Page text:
All you need to know about ski holidays by train

Will the direct overnight Eurostar Ski Train suit you?

Tue 08 November, 2016

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By: 
Daniel Elkan

Who wouldn’t want two extra days on the slopes?

I often get emails and enquiries from people who want to travel on the overnight Eurostar Ski Train for this reason, and who would like recommendations for resorts and accommodation.   I like these enquiries because I’m able to help.

However, there is always one question that I ask – because I believe that if I didn’t ask this question, I would be doing a disservice:

“Have you travelled on the overnight Eurostar Ski Train before?”

If you have, fine.  You know the deal. We are good to go.

But if you haven’t, then I think it’s important that you understand what the experience is like.  On paper, the extra days on the slopes, and sleeping as you travel, sound great.  However, the overnight Eurostar Ski Train doesn’t have flat beds - only sit up seats.  For many people, trying to sleep sitting (fairly) upright is a challenge.  And it’s definitely not the kind of night’s sleep you would want if the next day you are going to be carving the slopes or cruising through powder.

When I took the train myself, three years ago, I struggled to sleep. I tried leaning on the shoulder of my friend, but after a while he grumbled and shook me off. So I tried leaning against the window.  Didn’t work for long. I tried curling across two seats in the foetal position, but it felt too cramped. I tried stretching out across the aisle, but this would block the aisle and I’d be woken every time someone tried to clamber past me to go to the toilet.  Finally, in desperation, I decided to lie flat on the floor of the aisle (between the rows of seats either side).  Still people had to clamber over me, and on top of that, the vibration of the train engine underneath meant that I just couldn’t sleep.   I went back to the against-the-window-with-a-folded-jacket position and got some sleep, but it certainly wasn’t a great sleep.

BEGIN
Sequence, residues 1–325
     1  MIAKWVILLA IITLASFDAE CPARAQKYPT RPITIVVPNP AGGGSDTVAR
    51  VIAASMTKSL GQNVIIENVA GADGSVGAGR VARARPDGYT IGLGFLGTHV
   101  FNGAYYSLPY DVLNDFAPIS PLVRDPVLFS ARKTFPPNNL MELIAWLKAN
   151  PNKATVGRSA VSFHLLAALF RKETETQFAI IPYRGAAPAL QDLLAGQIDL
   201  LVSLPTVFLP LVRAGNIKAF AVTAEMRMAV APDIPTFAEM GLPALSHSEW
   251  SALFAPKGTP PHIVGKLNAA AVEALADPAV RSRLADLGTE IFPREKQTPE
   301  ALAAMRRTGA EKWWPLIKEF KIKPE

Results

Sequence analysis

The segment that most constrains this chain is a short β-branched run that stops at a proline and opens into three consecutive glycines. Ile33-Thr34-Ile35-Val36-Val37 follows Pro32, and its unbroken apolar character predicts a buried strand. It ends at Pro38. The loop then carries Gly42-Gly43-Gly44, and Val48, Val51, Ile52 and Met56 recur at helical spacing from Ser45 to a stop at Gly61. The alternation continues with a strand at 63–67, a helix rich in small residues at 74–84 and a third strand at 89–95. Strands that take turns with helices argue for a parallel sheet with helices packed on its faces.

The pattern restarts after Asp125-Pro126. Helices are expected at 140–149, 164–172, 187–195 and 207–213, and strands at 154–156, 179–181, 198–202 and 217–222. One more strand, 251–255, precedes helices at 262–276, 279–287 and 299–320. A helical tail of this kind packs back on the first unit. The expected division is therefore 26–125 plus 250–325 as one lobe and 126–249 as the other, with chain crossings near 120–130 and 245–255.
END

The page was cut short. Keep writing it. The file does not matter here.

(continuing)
Looking around the carriage at 2am, I could see that some people shared my predicament.  Yet others seemed soundly asleep.  So it’s clearly a case of horses for courses.

Until two years ago, at least you could bring some booze on board or go to the café bar and have a drink there.  But last season, Eurostar decided to make the train completely alcohol free.  Clearly, some people must have got drunk and obnoxious for Eurostar to have chosen to ban booze completely.  Shame though, it seems a bit draconian.

The other problem with the train is how early it arrives: 05:33 into Moutiers, 05:57 into Aime la Plagne and 06:17 into Bourg St Maurice.  Sure, you’ll get first tracks; it’s just that you’ll have to do some waiting around before then.

I used to have a better alternative to recommend skiers – which was to go by Eurostar to Paris and then take a sleeper train from there.  But the French Department of Transport, which owns SNCF, decided - in their wisdom – to axe many overnight services all over France, including many of the sleeper train routes that were so popular with skiers.  Even when we showed them that teddy bears liked to take these sleeper trains.

You can still travel by overnight sleeper train from Paris to Montgenevre and Serre Chevalier, but not on the route that mirrors the Eurostar Ski Train to the Tarentaise.  

So in summary, for first timers by train, I don’t recommend the overnight Ski Train.  For those who want to try it, I say try it one-way – and go the other way by daytime travel.  It’s a longer, more complicated answer than just saying ‘sure, go ahead, take the overnight Ski Train’;  but by helping make sure that they will sleep well, I can too.